I would appreciate help on what should be an easy concept in the proof of a corollary leading up to Nakayama's Lemma.
This link to mathoverflow.com (in the green highlighted section) gives the development as presented in "Atiyah and Macdonald" as well as "Reid."
My question pertains to the second corollary (as in "Reid"):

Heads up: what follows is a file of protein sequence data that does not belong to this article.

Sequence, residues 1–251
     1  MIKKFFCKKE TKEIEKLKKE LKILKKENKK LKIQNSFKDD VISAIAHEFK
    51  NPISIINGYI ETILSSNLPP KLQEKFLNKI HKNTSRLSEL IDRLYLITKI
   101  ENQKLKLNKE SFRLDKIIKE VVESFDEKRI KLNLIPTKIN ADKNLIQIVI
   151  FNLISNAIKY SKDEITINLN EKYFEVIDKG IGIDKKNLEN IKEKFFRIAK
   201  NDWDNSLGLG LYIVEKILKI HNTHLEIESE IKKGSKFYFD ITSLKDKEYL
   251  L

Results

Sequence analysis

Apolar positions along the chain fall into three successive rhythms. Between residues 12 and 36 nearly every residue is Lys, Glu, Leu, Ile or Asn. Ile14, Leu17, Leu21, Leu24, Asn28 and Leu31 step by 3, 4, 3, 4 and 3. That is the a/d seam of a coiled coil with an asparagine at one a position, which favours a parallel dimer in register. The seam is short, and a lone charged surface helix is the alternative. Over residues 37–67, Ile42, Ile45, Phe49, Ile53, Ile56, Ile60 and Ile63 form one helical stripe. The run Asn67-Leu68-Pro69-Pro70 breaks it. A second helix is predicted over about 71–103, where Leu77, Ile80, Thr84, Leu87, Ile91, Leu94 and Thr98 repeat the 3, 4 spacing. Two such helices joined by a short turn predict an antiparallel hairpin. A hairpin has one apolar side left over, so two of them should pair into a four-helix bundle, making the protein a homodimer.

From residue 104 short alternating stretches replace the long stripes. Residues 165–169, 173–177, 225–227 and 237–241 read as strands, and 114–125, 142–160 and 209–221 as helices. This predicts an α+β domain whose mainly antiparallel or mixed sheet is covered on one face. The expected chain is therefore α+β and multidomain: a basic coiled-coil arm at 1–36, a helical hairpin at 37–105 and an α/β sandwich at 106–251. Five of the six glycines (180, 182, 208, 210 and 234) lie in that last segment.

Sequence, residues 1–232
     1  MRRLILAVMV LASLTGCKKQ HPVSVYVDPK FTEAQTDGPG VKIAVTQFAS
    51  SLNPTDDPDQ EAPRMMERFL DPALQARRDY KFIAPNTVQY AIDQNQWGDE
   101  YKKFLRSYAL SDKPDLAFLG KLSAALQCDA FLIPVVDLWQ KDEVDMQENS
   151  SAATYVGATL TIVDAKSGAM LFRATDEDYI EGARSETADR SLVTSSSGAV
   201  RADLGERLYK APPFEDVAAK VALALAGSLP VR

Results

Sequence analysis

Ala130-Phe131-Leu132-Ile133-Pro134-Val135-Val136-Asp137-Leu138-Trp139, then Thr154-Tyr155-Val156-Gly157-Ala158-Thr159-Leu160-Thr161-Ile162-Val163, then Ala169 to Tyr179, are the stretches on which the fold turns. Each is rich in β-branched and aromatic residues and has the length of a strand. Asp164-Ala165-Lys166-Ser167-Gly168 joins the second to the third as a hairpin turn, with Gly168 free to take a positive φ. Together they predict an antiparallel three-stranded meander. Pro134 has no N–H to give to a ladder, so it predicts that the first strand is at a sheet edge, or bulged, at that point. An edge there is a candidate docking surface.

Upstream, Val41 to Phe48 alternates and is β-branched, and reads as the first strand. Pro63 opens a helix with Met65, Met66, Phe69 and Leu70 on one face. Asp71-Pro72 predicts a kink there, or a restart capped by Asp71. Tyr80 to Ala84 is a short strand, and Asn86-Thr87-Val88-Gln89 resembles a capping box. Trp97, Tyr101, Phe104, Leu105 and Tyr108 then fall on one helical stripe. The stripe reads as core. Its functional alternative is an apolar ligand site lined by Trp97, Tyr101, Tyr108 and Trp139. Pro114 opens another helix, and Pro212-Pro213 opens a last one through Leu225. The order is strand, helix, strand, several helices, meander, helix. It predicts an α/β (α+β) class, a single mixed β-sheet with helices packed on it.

If $M$ is a finite $A$-module and $M = IM$ then there exists an $x \in A$ such that $x \equiv 1$ mod $I$ and $xM = 0$.
I understand the use of $\phi = id_M$ in the relation of maps to get: $1 + a_1 + \dots + a_n = 0$ with $a_i \in I$. And $x$ is set equal to this, giving $xM = 0$.
Also this satisfies $x \equiv 1$ mod ($I$).
Here is my question:
How can $x \in A$ be = $0$ and be $\equiv 1$ (mod $I$)?
Thanks for straightening out what must be an error in my math understanding.